Testable dependency injection in a DI-lite framework like Silex

As I mentioned previously (in the context of Symfony and Drupal 8) service-based dependency injection is a gold standard of decoupling all your bits of code from each other.

It makes testing easier immediately and reduces coupling (which has its own benefits); in the long run, it avoids the temptation within your own code to freely ask the service container for arbitrary services, which can lead to spaghetti code and lots of mocking during testing. It also moves your code away from framework-dependence, because as long as they get services which satisfy particular interfaces, the business logic will work the same regardless.

Micro-frameworks give you freedom to shoot yourself in either or even both feet

But what if you're using a much lighter framework like Silex, where you don't have a services.yml at your disposal to enforce good DI decoupling? Silex lets you build services arbitrarily in PHP, which is very flexible and allows you to build them in a decoupled way; a good example is given:

$app = new Silex\Application();
// Decoupled pattern: give Service just the other services it needs and no more.
$app['some_service'] = function ($app) {
    return new Service($app['some_other_service'], $app['some_service.config']);

Here the application (which is also the DI container) returns a Service object prepared by injecting two other services into its constructor. All code can be tested in isolation.

However, you need to avoid the temptation to pass the DI container in and let Service()__construct()'s internal logic retrieve the services it wants:

// Coupled pattern: give Service the entire DI container.
$app['coupled_service'] = function ($app) {
    return new Service($app);

This is taking the first few steps towards permanently storing the container inside Service and retrieving arbitrary services at method execution time. Even as a minimum, this pattern will start to complicate testing Service without mocking up an entire Application. So use the decoupled pattern mentioned first above, if you can.

Controllers like services? Controllers as services!

Most of your services, then, can be decoupled, tested separately, but then combined during the setting-up of the Silex application. But what about routing?

Silex permits very loose routing handler definition e.g. an anonymous function can be registered with a route, which is almost textbook untestable code! You could only ever test that code with a full system test, as you need the application to configure itself, as if it were a production site, to invoke that code.

Anonymous functions can also give type hints, which means that a function-based controller can quite easily ask for the DI container, which is again a strong-coupling design pattern. Here's an example taken from the Silex documentation:

// Coupled pattern: every service can be summoned in code
// that cannot be tested in isolation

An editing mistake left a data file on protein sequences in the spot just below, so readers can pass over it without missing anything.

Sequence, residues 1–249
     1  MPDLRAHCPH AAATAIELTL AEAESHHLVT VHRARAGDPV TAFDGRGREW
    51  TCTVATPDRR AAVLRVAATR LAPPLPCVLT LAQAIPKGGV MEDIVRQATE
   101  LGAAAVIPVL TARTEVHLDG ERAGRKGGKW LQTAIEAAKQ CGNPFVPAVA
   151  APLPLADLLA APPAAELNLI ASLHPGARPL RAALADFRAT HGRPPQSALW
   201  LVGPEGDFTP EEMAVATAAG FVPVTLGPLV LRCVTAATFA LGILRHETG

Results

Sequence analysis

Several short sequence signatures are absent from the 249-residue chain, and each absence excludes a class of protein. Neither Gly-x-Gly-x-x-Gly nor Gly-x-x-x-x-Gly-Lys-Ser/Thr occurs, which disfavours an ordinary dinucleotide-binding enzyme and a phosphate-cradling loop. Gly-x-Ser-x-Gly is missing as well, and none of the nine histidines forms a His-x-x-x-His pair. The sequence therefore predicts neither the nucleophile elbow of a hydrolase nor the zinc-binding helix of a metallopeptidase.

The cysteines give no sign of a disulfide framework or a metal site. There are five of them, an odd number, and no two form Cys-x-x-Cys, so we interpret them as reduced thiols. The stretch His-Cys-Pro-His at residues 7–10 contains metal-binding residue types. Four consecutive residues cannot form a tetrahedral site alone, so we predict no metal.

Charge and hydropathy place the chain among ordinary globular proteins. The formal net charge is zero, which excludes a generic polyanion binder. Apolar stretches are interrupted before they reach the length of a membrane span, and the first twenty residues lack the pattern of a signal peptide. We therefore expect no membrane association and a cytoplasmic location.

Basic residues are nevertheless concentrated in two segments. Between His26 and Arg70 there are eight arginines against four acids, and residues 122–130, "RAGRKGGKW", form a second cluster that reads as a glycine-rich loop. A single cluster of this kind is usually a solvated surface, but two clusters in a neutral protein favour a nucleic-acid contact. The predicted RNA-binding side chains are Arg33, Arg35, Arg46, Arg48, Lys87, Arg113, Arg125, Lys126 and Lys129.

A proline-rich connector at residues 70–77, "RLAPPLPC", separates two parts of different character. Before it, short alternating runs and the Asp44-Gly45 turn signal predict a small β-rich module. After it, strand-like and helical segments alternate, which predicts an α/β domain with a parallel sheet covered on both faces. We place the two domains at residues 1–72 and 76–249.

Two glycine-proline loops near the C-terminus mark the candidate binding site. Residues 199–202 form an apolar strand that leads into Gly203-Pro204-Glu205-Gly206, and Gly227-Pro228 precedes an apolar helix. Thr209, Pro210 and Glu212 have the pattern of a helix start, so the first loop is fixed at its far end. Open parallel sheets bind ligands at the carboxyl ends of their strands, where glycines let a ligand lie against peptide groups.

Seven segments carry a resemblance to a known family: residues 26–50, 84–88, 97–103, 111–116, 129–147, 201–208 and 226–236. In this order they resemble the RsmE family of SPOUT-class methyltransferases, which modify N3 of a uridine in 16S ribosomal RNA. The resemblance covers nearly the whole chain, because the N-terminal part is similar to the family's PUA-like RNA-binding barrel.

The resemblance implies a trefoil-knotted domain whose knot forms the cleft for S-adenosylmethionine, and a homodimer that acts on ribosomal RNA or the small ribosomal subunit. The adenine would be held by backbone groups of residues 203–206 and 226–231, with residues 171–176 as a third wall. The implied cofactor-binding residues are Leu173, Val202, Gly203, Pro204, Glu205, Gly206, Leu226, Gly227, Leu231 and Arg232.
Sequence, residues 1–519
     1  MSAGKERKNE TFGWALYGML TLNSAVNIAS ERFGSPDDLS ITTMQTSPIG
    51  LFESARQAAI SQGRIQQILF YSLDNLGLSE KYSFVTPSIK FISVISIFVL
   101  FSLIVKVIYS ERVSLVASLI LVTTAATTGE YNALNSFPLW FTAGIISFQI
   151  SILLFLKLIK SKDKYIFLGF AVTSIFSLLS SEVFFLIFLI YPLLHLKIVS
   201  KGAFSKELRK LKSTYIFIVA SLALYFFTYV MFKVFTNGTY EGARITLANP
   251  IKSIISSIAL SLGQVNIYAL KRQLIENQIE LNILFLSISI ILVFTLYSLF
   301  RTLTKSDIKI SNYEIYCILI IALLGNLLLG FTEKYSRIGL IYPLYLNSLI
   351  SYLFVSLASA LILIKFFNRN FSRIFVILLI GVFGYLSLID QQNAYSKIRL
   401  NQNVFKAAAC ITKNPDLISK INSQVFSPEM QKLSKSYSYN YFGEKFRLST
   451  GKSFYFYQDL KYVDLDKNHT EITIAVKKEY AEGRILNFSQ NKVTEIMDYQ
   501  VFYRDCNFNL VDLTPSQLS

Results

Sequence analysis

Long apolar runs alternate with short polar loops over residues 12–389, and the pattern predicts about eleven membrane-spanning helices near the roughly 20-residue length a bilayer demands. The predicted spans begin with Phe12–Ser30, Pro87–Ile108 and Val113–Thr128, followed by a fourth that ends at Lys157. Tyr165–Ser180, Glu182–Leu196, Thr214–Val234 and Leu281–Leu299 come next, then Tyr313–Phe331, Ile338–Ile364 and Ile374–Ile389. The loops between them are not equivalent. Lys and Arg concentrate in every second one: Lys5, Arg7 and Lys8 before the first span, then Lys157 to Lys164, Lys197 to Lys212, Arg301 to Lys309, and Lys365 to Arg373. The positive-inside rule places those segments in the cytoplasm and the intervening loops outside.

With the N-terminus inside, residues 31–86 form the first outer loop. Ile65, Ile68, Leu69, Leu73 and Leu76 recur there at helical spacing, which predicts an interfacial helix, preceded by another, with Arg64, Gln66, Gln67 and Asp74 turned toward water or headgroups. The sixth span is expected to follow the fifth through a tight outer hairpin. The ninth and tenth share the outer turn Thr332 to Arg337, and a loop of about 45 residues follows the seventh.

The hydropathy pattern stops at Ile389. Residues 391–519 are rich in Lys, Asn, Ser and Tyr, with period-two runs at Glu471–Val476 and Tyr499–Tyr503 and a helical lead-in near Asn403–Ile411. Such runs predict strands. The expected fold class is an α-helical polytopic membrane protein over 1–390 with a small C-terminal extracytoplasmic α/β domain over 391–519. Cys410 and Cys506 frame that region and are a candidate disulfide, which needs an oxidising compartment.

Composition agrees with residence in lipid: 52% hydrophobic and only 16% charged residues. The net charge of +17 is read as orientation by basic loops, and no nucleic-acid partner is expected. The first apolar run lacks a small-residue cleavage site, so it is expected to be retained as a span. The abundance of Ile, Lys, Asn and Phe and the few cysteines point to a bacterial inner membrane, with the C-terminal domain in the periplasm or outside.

$app->get('/blog/{id}', function (Application $app, Request $request, $id) {
    // ...

However, along with these short-cuts Silex also lets us use a gold standard of routing (it just doesn't enforce it): controllers as classes. Even then, if your routing is just done by string names of class and method e.g. $app->get('/', 'Controller\\HomeController:get'); then how do you inject services?

The temptation is to use the first tool to hand, which is type hinting (again):

// Coupled again.
namespace Controller;
class HomeController
    public function get(Request $request, Application $app)
        // Can couple to any service here via $app.

As you can see, this introduces potential coupling to arbitrary services (also again).

Instead, register the confusedly-named Service-Controller Service Provider:

$app->register(new Silex\Provider\ServiceControllerServiceProvider());

This then allows controllers to be registered like any other service, and then their service name used instead of the class name during routing. Here's an example from an actual running application:

$app['config'] = new ConfigService();
$this['home'] = function() use ($app) {
        return new Controller\HomeController($app['config']);
$this->get('/', 'home:get');

If you also define your controller constructor using interface argument typing:

namespace Controller;
class HomeController
    private $config = null;
    public function __construct(ConfigServiceInterface $config)
        $this->config = $config;
    public function get(Request $request)
        // Only have access to Request and a ConfigService.

then you won't even have to use mocks: instead, you can define and inject class DummyConfigService implements ConfigServiceInterface, and even write tests for your resulting DummyConfig class. Even then, the real ConfigService can be created and passed in, if you want to do integration testing alongside unit testing.

Everything is now testable, in isolation and together!


If you know what you're doing, you can write reasonably coupled code in microframeworks like Silex and still have a perfectly robust application. But as your application grows it always helps to have a decoupling strategy, that you can deploy to separate out complex code into separately testable chunks.

Enforcing non-container DI into services, and implementing controllers as services, means that "everything is a service", and everything is testable in isolation. This can bring sanity to your code, helping a larger team or merely your future self.